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New IFJ Report Outlines Restrictions on Journalists in China

New IFJ Report Outlines Restrictions on Journalists in China in 2010

A new International Federation of Journalists (IFJ) report has uncovered scores of restrictive orders issued by China’s authorities in 2010 that block information on public health, disasters, corruption and civil unrest.

Voices of Courage: Press Freedom in China 2010, released today by IFJ Asia-Pacific in Hong Kong, outlines more than 80 restrictive orders issued last year by authorities in China. The orders are a mere sample of the vast array of controls on information that journalists and media workers are known to grapple with when reporting the news.

“The IFJ has uncovered a series of orders issued by China’s propaganda machine in 2010, a worrying indicator that China’s leaders are not fulfilling the promises they made to the international community ahead of the 2008 Beijing Olympic Games to move towards a more open media environment,” IFJ General Secretary Aidan White said.

“In January, a new raft of restrictions landed, indicating that censorship is likely to continue apace in China in 2011, further limiting people’s ability to find out what is going on in their local communities, across China, its territories and elsewhere in the world.”

Despite positive statements from China’s leadership in 2010 confirming the media’s important watchdog role in society, journalists and media workers continued to face restrictions, harassment and intimidation during the year, including:
A restrictive order in March prevented any independent reporting of a defective vaccine which had killed or disabled about 100 children. Editor-in-chief of China Economic Times Bao Yueyang was later removed from his position after allowing reports on the vaccine to be published after the order was issued.

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Media was ordered not to re-publish even state-run Xinhua News Agency reports on a deadly explosion in Aksu City, Xinjiang, in August.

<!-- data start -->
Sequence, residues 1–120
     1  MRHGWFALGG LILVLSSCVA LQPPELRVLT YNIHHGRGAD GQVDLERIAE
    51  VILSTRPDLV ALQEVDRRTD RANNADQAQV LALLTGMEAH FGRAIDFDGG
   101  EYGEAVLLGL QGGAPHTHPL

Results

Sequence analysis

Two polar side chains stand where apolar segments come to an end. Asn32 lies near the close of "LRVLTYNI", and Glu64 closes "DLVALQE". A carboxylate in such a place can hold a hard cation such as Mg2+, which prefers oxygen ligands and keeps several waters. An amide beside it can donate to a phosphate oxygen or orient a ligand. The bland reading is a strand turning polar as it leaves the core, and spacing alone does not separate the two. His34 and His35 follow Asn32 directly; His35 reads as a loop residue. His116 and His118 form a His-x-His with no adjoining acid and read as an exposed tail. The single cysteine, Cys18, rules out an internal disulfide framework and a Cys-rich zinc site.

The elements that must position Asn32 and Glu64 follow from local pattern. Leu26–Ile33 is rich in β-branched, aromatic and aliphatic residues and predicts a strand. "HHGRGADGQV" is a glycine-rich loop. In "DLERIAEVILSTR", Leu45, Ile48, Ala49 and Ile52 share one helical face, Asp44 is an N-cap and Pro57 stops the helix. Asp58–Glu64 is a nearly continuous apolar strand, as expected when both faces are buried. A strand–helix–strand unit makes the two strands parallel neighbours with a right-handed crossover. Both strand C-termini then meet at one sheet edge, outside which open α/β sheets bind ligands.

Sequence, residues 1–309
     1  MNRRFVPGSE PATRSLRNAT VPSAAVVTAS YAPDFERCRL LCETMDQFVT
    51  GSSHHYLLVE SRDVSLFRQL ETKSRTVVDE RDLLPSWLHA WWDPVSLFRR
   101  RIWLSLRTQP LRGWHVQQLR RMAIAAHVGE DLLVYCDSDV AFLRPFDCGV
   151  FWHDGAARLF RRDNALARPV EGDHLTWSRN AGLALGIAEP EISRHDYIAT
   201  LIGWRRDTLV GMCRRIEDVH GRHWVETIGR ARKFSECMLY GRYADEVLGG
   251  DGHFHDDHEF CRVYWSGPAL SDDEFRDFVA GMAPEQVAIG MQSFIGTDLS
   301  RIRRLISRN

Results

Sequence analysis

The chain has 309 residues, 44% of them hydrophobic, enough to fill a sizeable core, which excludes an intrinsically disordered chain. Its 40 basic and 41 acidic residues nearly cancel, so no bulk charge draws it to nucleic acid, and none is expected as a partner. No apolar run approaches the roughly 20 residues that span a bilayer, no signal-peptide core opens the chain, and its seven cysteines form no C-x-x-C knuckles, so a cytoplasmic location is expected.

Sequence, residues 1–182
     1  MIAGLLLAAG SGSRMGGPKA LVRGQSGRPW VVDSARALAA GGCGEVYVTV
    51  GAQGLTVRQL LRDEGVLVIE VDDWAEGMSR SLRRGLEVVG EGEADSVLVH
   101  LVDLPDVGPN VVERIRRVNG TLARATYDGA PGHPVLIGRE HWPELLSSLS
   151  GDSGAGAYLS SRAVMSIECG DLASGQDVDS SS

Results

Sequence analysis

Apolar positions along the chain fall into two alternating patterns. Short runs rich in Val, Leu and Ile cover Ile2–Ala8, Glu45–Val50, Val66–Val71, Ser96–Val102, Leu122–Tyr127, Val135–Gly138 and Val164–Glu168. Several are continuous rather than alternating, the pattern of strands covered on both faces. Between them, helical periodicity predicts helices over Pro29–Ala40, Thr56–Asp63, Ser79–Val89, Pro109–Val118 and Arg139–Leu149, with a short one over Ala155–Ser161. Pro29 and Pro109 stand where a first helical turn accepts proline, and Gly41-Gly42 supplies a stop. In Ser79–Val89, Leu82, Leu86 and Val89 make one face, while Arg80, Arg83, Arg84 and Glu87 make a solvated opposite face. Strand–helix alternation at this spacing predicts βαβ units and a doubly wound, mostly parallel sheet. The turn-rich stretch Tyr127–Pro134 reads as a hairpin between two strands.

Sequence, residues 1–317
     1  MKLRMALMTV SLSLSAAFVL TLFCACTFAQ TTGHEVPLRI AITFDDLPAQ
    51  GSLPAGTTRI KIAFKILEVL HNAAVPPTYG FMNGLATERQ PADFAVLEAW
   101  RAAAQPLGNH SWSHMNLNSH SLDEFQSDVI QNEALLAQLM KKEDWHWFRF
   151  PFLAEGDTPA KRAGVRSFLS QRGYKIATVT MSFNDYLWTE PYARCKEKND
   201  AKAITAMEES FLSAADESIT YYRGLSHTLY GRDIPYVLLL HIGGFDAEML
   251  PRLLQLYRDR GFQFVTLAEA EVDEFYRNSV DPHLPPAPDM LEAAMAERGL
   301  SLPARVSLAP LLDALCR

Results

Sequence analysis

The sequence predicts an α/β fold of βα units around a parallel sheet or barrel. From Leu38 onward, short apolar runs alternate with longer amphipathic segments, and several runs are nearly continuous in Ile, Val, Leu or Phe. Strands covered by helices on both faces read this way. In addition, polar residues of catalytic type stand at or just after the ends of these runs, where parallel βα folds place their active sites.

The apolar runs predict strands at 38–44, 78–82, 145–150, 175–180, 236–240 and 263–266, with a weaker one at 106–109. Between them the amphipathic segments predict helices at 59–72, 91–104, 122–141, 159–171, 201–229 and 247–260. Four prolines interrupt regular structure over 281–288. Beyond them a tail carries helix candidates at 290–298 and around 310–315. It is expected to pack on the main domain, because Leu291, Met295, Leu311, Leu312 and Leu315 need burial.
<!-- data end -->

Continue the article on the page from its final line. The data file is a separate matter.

Economic Observer journalist Qiu Ziming became an online “wanted person” of the Lishui City security bureau in Zhejiang in July after reporting a listed company had breached stock exchange rules.

Zhao Lianhai, a former journalist and parent of a victim of the 2008 Sanlu tainted milk scandal, was sentenced to two-and–a-half-years’ jail in November, for organising people to gather in front of government buildings and for being interviewed on the street.

The Law of the People’s Republic of China on Guarding State Secrets was amended in October to provide possible jail terms for people who leaked secret information through the internet.

The Central Propaganda Department banned in September reports on high vacancy rates of residential apartments and the insufficient income resource problems people experienced.
These violations of journalists’ rights not only block access to information but also serve to foster China’s endemic culture of self-censorship, driven by the extraordinary pressure that journalists and media workers face each day.

The report notes positive sentiments aired by China’s power-holders, both past and present, during 2010. Premier Wen Jiabao gave a speech to the National People’s Congress in March which referred to the media’s important oversight role in society, a tacit acknowledgement of the closed media environment in the country. An open letter signed by 23 well-known senior ex-Communist Party officials in October called on the Central Propaganda Department to end media censorship.